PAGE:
Do you know what racing fans call a truck that has been souped up for off-road racing success?
Prior to 1994, riders in sanctioned off-road races were forced to use production frames out on the course. Since that rule was loosened, the custom trucks found in off-road racing are called trophy trucks. Many aren't street legal but have the engines and suspension needed to beat the competition on dirt or sand.
The Baja 1000 is one of the most legendary events in the off-road racing world. Do you know the first year this event — then called the Mexico 1000 — was held?
Today the Baja 1000 is the final round of an annual four-race series. The best off-road drivers in the world steer cars, motorcycles, trucks and buggies through the Baja Peninsula. This iconic event began in 1967 as the Mexico 1000 before the name was changed to Baja 1000 in the '70s.
Hare and hound races feature dirt bikes speeding through rugged terrain. Do you know how long hare and hound courses generally run?
In a hare and hound race, participants race around two unique courses on dirt bikes or motorcycles. Courses are usually 40 miles or more long. Participants aren't allowed to preview the course before the race, and because the course doesn't repeat, riders are forced to think while they're racing to make it to the finish line.
Billed as The Great American Desert Race, which city plays host to the annual Mint 400?
Starting in 1967, the Mint Hotel in Las Vegas sponsored an annual off-road race. While this hotel no longer exists, more than 300 racers still come to Vegas each year to take part in this event. If you read or saw "Fear and Loathing in Las Vegas" by Hunter S. Thompson, this is the race being depicted in the story.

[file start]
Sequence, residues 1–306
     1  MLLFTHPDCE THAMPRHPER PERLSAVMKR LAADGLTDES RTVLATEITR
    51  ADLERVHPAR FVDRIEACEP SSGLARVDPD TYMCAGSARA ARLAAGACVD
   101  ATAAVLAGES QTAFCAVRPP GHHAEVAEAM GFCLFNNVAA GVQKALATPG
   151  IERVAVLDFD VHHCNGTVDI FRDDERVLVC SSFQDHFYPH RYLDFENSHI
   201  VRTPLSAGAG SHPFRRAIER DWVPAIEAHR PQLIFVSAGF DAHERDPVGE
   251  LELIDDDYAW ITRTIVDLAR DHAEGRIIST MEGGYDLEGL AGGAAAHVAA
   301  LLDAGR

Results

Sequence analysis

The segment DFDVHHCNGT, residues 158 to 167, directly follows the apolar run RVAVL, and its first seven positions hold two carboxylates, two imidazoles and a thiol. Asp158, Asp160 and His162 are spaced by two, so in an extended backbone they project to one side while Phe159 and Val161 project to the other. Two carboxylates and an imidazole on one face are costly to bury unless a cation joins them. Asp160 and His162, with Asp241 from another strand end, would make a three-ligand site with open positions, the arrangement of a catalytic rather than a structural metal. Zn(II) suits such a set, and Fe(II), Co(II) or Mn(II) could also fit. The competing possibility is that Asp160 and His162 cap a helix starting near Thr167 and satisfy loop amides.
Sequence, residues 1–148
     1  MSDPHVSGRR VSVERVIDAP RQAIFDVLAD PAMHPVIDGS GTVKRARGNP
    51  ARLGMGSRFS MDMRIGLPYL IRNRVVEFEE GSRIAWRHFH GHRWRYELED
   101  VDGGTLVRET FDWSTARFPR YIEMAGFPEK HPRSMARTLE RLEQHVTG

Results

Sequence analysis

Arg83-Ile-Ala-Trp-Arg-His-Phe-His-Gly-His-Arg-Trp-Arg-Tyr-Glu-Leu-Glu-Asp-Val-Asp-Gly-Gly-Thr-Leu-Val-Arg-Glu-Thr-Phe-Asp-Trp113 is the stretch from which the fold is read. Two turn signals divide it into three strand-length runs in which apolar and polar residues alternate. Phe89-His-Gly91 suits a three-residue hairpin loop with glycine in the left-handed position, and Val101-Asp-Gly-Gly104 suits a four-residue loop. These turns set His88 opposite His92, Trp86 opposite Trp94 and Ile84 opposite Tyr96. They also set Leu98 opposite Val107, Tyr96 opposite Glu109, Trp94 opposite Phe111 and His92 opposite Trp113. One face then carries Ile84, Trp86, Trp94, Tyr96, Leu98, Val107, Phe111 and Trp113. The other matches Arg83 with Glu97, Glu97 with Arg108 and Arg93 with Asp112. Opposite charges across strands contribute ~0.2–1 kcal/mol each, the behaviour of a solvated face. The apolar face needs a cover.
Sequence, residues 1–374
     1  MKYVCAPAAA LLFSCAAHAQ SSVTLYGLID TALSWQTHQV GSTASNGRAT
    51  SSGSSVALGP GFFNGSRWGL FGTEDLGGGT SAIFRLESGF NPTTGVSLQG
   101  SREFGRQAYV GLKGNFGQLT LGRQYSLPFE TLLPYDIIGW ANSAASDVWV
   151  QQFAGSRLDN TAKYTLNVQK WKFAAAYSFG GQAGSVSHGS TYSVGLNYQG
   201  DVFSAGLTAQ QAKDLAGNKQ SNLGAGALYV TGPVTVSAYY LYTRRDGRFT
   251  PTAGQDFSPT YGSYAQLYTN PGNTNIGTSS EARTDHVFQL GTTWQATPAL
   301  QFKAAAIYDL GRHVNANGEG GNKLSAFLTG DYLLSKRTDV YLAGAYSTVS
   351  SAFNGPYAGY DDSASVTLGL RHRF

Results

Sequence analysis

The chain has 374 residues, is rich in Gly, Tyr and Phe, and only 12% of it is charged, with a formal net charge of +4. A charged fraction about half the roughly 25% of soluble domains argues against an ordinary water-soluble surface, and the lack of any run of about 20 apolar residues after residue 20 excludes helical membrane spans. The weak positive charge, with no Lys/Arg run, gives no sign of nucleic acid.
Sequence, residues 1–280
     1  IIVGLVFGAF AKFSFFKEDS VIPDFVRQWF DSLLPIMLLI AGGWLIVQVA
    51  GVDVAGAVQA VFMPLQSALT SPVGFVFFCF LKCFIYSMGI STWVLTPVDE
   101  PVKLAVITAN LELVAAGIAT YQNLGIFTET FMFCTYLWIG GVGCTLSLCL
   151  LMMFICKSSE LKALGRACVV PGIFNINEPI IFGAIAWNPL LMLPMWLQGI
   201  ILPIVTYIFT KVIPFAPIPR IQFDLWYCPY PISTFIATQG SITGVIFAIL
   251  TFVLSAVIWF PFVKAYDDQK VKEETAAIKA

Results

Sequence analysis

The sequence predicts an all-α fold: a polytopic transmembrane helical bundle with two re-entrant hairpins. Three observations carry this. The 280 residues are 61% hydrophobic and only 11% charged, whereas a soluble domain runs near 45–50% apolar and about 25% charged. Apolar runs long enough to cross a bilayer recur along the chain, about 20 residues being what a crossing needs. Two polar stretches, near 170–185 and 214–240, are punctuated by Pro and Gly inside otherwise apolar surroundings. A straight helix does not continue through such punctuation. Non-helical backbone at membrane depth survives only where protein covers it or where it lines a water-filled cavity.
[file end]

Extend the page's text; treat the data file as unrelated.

Which of these cities typically serves as the starting point for the Baja 1000?
Located 65 miles south of Tijuana along the Pacific coast of the Baja Peninsula, Ensenada is the traditional starting point for the Baja 1000. Races either go one-way from Ensenada to La Paz — a city near Cabo San Lucas — or start and finish in a circular route from Ensenada. Despite its name, the Baja 1000 can range anywhere from 600 to 1000 miles in length.
Do you know what type of vehicle racing legend Mickey Thompson used to break the 400 mph barrier in Bonneville in 1960?
Mickey Thompson made history when he broke the 400 mph barrier in his twin-engine dragster at Bonneville in 1960. In 1973, he founded SCORE, a major off-road racing sanctioning body.
What name is given to Volkswagen Beetles modified for off-road racing?
While VW makes some pretty impressive dune buggies, racers who needed a more affordable option began modifying VW Beetles for off-road racing in the '60s. The first Baja Bugs to appear during a major race were driven during the 1968 Baja 1000. Since then, these tiny speed demons have traversed beaches, dunes and desert.